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“People with guns who don’t know how to have bread baked are quickly going to lose credibility on the street. People with guns who can’t make the lights come back on are going to quickly lose credibility on the street,” said a senior U.S. official, who was not authorized to publicly discuss details of the talks.

During talks Friday, Clinton pledged $15 million in new non-lethal equipment — mainly communications equipment — and $30 in million humanitarian assistance to Syria’s opposition. In total, the U.S. has offered $130 million in humanitarian supplies and about $40 million in equipment such as including satellite-linked computers, telephones and cameras. Britain and France have also offered millions of dollars worth of aid supplies and equipment.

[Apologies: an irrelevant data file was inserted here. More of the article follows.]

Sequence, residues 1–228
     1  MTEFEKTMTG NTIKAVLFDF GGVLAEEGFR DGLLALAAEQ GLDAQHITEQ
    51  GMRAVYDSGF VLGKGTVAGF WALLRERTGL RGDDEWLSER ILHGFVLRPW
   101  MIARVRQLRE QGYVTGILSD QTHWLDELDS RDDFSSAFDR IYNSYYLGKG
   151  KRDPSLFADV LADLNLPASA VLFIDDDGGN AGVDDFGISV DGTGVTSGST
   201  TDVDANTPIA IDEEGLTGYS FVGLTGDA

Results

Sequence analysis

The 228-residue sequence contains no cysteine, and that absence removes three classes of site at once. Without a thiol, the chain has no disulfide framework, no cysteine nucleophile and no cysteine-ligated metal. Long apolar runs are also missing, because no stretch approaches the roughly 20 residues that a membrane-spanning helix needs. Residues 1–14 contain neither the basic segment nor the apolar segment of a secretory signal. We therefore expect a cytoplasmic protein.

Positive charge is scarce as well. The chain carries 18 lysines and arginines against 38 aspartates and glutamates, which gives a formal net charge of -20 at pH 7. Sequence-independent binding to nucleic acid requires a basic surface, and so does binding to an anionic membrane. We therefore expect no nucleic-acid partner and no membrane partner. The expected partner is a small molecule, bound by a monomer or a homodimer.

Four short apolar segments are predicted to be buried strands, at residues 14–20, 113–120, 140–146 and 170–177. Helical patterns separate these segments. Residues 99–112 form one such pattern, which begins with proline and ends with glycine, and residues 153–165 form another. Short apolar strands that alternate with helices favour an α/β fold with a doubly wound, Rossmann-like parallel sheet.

At the General Assembly on Friday, Turkey’s foreign minister, Ahmet Davutoglu warned of the risks that Syria’s civil war could spread to other Middle East nations. “The Syrian regime deploys every instrument to turn the legitimate struggle of the Syrian people into a sectarian war, which will engulf the entire region into flames,” he said.

On Saturday, nations including Uruguay, Denmark, Portugal, Sudan and Angola were scheduled to address the assembly.


Associated Press writers Edie Lederer and John Daniszewski contributed to this report.